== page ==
What can’t you do with DAF funds?

While donor-advised funds can be beneficial for many nonprofits, it’s critical to be aware of the ways that donors cannot use these funds, including:  

  • Support political groups, personal crowdfunding campaigns, or any other non-501(c)(3) activities
  • Give in exchange for a gift (auction items, raffle tickets, a table at a gala, etc.)
  • Provide grants and scholarships to specific individuals
  • Make a qualified charitable distribution from an Individual Retirement Account (IRA)

Who are DAF Donors?

Nonprofits interested in creating a DAF fundraising strategy can start by taking a look at who DAF donors are and what drives them. 

What are the characteristics of a typical DAF donor? 👤

Though times are changing, people with donor-advised fund accounts tend to share these characteristics: 

  • Close to retirement: The average age of a DAF donor is 65. 
  • More likely to give major gifts or engage in planned giving: DAF donors are often more interested in building a legacy and may name family members as successors of their DAF account. 
  • Have wealth from various sources: Last year, for example, 61% of DAF contributions to Schwab Charitable were non-cash assets like publicly traded securities and restricted stocks. 
  • Already engaged in nonprofit communities: 79% of DAF donors volunteer their time as well as their money.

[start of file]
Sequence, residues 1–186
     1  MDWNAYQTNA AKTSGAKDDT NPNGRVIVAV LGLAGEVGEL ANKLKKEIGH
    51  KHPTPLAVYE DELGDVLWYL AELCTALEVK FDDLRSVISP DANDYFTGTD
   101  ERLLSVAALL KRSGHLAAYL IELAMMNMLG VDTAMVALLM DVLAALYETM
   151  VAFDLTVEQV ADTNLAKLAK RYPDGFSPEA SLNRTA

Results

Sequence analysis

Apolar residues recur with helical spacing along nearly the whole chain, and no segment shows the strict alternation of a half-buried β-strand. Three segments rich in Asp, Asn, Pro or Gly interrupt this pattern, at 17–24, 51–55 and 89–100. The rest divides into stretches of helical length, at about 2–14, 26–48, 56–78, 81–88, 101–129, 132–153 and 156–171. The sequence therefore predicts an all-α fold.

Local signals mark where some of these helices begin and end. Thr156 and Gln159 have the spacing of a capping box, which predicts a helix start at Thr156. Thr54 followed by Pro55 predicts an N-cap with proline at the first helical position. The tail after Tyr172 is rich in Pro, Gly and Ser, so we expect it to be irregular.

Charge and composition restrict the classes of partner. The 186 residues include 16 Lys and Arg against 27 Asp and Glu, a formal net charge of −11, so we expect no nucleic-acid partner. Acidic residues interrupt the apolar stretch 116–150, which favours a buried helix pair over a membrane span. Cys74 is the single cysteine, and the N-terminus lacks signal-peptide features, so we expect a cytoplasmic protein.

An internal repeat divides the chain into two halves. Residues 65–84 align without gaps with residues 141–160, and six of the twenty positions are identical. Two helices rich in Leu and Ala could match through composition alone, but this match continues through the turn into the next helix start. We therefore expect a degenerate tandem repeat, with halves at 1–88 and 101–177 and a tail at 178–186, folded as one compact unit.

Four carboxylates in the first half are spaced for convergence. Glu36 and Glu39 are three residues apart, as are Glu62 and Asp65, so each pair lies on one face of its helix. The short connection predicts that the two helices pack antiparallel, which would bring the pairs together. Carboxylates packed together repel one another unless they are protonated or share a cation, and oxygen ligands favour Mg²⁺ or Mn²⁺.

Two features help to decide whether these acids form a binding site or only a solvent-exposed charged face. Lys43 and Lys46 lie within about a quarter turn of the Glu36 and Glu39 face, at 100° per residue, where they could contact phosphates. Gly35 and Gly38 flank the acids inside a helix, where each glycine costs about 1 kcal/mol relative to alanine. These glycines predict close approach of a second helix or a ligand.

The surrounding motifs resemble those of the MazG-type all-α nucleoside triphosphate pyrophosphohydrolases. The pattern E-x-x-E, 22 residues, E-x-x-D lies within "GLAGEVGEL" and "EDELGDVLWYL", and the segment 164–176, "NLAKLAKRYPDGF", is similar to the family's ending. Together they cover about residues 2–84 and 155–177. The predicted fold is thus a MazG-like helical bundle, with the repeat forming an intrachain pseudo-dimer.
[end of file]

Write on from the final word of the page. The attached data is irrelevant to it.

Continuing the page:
Why do people open donor-advised funds? 🔑

It’s no coincidence that contributions to DAFs reached an all-time high of $85.5B in 2022. DAF donors enjoy many benefits, including time to evaluate where and how they contribute to charities. A donor, or group of donors, might also go the DAF route in order to:

  • Enjoy immediate donor-advised fund tax deductions 
  • Grow their nonprofit contributions through investment
  • Facilitate planned giving now and well into the future
  • Avoid the headache and cost that come with starting a private foundation
  • Give anonymously 

Donor-advised fund pros and cons

Nonprofits interested in engaging with DAFs should consider the strengths and weaknesses of this giving method.

Benefits of donor-advised funds for nonprofits and their supporters

✅ Fee-free: (For grant recipients, that is!) Nonprofit Trust breaks it down for us: “Grants from DAFs do not include any grant-related expenditures, administrative fees, or operational overhead costs.”

✅ Growth potential: Investing DAF funds can increase their value, potentially enabling donors to give a higher amount to a charity than they would have been able to otherwise.

✅ Tax advantages: Donor-advised fund tax benefits are one of the top perks for contributors—especially high-dollar donors.

✅ Administrative support: Sponsor organizations manage all the investing and granting for donors, which can facilitate more consistent planned giving as well as legacy giving in the future. 

Donor-advised fund disadvantages